Wednesday, 10 May 2017



1979's Alien is one of my favourite films, and it was a gateway into a lifelong love of the Alien franchise. Through its ups and downs, I have been there, enjoying, savouring, being engrossed in that world. In 2012, a lot of people believe the reputation of the Alien franchise was sullied by the more fanciful scifi-leaning prequel Prometheus, with its Damon Lindelof 'reworked' script making a relatively straightforward idea of humanity and creation into a confusing detour that further removed it from it's intended follow up film. The question has been could director Ridley Scott, an undoubtedly talented artist, but one who also has spent almost two decades milling out films both great and of questionable quality, bring the series back to its tonal roots and hit a home run in the scifi series.

The answer is yes.

Having returned from a preview of Alien: Covenant, all I can think of is just how different the experience was to seeing Prometheus. I know it's unfair to compare the films as such, but the common failings people has with the 2012 film (which I am actually quite a fan of) are absent here, with the new installment taking a more simplified survival horror route.

It's familiar territory plot-wise that sees the spaceship Covenant, who are shipping 2000 people and embryos to colonise a new planet, going off course to investigate a signal from a planet that harbors dark secrets that may or may not result in the familiar phallic-headed monsters creating chaos.

The simplicity is in the films favour, with points that were confusing in the previous film cleared up hear so no one is left scratching their heads as to what we are seeing. The most successful part of the film is the new additions to the Alien mythos that seamlessly connect Prometheus with the future installments in a way that is both wholly satisfying yet completely unobtrusive and unnecessary for those who don't seek it. In fact, though the film benefits from the context of the surrounding series, it works very well on its own merit for those who might not have seen any other entries.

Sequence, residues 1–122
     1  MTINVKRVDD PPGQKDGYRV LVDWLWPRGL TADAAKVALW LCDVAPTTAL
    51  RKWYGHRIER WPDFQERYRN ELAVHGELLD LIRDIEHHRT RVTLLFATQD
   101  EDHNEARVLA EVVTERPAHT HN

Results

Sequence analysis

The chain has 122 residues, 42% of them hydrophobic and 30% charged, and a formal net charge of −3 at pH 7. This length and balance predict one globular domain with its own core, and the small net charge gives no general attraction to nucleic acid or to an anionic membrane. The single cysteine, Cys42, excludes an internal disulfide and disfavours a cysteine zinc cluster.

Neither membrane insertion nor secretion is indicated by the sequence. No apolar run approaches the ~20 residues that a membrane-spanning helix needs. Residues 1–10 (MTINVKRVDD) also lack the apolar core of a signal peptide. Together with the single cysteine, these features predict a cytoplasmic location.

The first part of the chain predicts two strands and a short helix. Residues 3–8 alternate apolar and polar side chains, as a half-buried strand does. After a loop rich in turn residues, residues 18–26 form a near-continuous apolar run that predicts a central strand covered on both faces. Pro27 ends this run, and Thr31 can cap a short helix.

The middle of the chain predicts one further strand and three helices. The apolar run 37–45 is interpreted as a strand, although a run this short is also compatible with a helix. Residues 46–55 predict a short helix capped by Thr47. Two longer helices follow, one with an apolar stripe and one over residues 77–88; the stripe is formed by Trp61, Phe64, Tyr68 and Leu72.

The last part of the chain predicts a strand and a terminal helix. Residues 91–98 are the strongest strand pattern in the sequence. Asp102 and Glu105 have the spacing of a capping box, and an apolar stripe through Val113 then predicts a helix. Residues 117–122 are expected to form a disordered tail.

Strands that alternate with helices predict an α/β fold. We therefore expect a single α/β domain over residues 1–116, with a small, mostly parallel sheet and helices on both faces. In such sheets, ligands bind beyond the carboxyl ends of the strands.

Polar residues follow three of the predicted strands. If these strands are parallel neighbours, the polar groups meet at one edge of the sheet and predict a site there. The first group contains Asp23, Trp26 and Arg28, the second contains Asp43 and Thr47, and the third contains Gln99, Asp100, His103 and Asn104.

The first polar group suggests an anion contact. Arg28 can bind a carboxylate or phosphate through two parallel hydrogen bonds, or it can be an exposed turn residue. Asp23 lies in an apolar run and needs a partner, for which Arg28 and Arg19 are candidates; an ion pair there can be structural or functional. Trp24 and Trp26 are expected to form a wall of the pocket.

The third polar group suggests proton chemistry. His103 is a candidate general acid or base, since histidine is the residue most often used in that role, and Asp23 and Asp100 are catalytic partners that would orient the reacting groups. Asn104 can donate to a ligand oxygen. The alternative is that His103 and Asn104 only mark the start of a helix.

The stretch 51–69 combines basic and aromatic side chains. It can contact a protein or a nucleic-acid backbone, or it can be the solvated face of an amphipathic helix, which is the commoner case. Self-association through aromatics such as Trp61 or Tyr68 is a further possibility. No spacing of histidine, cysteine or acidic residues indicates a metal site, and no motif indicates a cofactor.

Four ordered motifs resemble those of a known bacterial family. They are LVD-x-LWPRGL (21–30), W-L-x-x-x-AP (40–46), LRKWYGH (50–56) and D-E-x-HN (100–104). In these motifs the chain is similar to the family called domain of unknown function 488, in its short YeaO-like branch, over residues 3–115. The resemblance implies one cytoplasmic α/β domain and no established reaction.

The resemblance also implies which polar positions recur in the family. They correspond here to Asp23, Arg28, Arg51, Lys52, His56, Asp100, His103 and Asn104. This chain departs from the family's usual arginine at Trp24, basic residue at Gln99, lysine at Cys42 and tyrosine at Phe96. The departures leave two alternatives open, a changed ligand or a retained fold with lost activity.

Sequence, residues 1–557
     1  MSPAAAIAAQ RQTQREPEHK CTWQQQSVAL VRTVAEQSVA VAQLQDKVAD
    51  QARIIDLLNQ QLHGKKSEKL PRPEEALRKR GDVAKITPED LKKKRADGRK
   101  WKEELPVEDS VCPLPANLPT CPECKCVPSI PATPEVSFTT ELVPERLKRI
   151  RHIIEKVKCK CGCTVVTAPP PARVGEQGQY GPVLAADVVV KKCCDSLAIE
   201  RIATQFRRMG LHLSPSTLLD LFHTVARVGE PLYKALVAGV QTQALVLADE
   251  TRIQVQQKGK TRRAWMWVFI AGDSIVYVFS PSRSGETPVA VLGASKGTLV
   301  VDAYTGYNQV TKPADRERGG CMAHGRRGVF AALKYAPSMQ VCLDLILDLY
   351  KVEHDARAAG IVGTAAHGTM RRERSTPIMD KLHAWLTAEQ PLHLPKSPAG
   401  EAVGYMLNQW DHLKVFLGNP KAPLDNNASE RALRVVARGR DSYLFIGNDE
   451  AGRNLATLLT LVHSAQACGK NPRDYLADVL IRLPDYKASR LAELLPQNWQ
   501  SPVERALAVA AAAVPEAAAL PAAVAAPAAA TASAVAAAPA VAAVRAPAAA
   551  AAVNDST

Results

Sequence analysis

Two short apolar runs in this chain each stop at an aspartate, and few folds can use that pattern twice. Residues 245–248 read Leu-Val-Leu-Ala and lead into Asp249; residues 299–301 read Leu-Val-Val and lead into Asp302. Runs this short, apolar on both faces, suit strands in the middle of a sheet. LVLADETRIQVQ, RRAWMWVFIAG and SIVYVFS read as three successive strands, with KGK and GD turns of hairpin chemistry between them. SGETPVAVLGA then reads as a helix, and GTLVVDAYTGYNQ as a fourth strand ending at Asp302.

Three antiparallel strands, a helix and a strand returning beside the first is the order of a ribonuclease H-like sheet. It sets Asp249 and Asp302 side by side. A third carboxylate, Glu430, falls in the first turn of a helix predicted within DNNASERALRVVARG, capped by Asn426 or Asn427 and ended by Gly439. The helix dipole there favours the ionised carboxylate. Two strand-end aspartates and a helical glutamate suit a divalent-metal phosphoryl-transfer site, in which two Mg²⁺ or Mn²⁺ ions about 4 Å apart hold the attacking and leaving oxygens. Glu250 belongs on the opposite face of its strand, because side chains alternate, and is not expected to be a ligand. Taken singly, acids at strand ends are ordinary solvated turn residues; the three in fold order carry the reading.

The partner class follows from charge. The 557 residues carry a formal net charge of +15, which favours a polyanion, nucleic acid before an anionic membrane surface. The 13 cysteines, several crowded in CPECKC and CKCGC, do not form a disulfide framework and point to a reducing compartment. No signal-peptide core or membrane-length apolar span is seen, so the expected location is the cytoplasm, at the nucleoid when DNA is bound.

Co-writer/co-star Danny McBride has been the subject of many words as to whether the more comically known talent would cross over. Well, not only does he cross over, but he steals every scene he is in, bringing an everyday man vibe, and hitting hard when hard hits. That is to by no means take away from the work of other stars such as Katherine Waterston or Billy Crudup, who, as part of the ensemble, successfully bring a realism to the film. The former's personal sorrow is felt throughout the entire film, while the latter brings a great counterpoint to the question of the reverence owed to a creator with his religious captain Oram. And let's not forget Michael Fassbender, the showstopper of Prometheus, who plays a different android in this installment. It's outstanding how much nuance he can bring to a role that could all too easily fall flat.

It's worth noting that this is one of the more grizzly installments in the franchise, with some scenes really pushing its 16 rating. It harks back to H. R. Giger's original designs, with some exact replicas in places, and you know if you got Giger, you got the beast. Though visceral, it doesn't toe the line with exploitative, as the Alien vs Predator films did. There is a maturity here that brings a gravitas and importance, though also undoubtedly a bit of drag in the middle of the film. And though the film never gets too full of itself, it does on a few notable occasions, underestimate the audience.

However, with that said, it is easy to consider this the best Alien film in the last 30 years (except for the oddballs like me who liked Alien 3).

There is a lot to say about the film, but probably best left until it is in wide release and everyone has had a chance to digest it. My final thought for the moment is that I groaned when Ridley Scott made a comment about how many more sequels to Prometheus he would like to do before it connects with Alien, but tonight, while watching Alien: Covenant, all I could think of was 'keep em coming!'

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